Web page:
Surprisingly, this is an acronym for the workplace and no, it’s not “Bring Your Own Drink”. BYOD stands for “Bring Your Own Device”. With the smartphone revolution over the past three years, more and more personal smartphones are being used for work with the lines blurring between personal and work use of mobile devices.
Why are employees bringing their own mobile devices to work? For many, it is because they are not happy with the functionality of employer-provided mobile devices. For others, it may be that they just simply prefer using their own.
Whatever the reason, employers need to review their employee communications use policy. The primary issue raised by business use of personal mobile devices and use of social media is the “privacy gap”. The employee and employer expectations need to be defined as to what should be private and who should control use of communications.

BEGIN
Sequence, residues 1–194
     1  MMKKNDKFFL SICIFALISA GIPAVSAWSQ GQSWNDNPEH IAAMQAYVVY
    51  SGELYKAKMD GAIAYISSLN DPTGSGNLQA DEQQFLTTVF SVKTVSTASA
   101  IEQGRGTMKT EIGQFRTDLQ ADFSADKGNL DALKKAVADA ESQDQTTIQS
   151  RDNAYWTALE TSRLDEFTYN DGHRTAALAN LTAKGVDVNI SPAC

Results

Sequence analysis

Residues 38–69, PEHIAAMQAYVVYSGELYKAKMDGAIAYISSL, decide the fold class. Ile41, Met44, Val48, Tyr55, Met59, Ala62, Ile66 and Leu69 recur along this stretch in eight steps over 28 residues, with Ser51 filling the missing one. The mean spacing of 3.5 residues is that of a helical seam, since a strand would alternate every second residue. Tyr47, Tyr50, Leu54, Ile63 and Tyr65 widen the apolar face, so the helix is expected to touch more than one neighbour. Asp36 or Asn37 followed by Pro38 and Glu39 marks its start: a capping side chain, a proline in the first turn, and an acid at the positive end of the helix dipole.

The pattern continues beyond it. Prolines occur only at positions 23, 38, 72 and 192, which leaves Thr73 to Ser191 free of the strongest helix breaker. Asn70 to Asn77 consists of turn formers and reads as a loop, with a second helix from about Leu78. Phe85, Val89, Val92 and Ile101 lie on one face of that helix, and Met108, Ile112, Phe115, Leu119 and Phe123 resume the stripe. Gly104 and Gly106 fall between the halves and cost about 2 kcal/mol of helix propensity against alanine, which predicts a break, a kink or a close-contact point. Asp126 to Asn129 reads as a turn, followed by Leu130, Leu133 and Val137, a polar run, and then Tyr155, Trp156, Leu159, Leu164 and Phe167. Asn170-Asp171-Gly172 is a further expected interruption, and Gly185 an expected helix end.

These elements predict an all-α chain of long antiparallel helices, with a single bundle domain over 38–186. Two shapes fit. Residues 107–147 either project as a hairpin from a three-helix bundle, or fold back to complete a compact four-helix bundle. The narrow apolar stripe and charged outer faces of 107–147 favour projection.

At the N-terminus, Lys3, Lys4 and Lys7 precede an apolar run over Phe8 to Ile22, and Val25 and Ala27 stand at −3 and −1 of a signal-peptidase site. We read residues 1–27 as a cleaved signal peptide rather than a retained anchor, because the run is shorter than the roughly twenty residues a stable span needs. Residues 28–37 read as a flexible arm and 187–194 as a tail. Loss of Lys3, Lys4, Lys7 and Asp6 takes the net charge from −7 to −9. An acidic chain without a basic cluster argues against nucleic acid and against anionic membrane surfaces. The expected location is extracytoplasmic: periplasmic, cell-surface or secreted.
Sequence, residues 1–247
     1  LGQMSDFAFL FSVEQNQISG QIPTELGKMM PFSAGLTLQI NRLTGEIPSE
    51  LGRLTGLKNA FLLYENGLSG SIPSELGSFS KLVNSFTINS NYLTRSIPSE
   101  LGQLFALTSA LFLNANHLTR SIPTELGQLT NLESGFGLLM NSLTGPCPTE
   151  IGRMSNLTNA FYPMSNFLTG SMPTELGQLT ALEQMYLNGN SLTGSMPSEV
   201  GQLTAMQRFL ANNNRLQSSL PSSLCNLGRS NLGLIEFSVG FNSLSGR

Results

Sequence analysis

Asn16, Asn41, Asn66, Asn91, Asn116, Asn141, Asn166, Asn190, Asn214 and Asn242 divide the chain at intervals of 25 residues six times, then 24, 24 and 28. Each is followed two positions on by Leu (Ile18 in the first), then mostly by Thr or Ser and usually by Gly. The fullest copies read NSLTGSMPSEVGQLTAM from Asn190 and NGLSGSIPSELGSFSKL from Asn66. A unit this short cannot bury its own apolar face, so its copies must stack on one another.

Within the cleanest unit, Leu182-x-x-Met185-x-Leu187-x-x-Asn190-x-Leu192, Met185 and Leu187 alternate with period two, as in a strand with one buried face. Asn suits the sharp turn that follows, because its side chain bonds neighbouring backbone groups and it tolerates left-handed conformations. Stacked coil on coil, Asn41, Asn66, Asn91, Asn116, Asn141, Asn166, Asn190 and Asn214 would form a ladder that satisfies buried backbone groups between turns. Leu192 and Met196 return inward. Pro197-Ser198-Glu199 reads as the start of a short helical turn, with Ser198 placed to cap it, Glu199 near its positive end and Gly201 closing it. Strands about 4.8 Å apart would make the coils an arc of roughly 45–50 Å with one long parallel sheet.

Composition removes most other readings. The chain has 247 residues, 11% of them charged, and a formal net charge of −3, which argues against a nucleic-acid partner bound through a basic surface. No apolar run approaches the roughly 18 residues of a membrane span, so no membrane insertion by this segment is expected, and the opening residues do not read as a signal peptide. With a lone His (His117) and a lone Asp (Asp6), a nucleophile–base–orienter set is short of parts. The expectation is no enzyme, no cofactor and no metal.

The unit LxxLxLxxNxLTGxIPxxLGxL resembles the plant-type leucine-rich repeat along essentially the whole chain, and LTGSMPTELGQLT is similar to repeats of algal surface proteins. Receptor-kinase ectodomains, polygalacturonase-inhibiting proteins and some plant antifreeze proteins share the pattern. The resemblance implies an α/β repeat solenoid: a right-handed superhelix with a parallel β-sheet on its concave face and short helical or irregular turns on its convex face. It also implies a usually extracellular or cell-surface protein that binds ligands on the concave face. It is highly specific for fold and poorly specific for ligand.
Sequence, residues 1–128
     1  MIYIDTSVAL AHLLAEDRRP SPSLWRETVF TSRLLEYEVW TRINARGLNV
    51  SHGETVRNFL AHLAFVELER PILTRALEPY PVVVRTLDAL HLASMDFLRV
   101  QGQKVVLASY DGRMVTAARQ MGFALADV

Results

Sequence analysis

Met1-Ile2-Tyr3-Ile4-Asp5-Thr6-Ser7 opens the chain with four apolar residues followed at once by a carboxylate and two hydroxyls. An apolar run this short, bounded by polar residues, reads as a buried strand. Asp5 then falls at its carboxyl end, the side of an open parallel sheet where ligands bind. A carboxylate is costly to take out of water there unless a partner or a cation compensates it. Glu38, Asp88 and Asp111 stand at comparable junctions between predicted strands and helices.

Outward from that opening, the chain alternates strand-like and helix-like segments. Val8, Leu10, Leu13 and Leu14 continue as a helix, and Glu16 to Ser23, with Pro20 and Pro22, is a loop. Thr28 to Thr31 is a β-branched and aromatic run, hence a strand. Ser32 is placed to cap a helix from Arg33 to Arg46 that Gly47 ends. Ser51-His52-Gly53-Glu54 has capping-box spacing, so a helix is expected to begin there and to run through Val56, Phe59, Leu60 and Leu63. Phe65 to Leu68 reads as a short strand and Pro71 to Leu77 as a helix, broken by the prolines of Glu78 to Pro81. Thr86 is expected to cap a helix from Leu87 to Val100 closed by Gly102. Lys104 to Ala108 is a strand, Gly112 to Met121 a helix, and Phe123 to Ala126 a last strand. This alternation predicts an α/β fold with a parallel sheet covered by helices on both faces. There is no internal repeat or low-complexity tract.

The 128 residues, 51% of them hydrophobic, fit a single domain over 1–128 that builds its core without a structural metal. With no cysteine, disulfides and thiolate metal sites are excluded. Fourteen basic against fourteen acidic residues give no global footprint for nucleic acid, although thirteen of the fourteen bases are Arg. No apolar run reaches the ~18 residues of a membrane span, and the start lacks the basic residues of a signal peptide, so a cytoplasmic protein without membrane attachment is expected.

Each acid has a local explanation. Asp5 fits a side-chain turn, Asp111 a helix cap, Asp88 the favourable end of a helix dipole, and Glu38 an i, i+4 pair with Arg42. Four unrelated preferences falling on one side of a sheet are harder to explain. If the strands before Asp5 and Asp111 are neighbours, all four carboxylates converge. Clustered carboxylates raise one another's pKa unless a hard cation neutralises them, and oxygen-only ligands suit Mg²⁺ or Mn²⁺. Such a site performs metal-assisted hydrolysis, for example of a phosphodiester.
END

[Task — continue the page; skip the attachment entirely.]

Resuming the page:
The usage policies should address the following items:
- What is acceptable within your company culture in terms of reasonable expectations of privacy?
- What access does the employer have to retrieve data, such as work-related emails?
- Will you reimburse for work-related use of personal mobile devices? Determine the reimbursement policy, if any.
- What are the system requirements? In order to be compatible with company requirements, connectivity and data security standards by the employer should be established.
- What if the device is lost or stolen? Determine what will happen with the contents of the mobile device if this should happen.
Managers and employees should receive regularly training on the policy, which should be revisited at least annually. Because, as we know, technology changes frequently…and rapidly.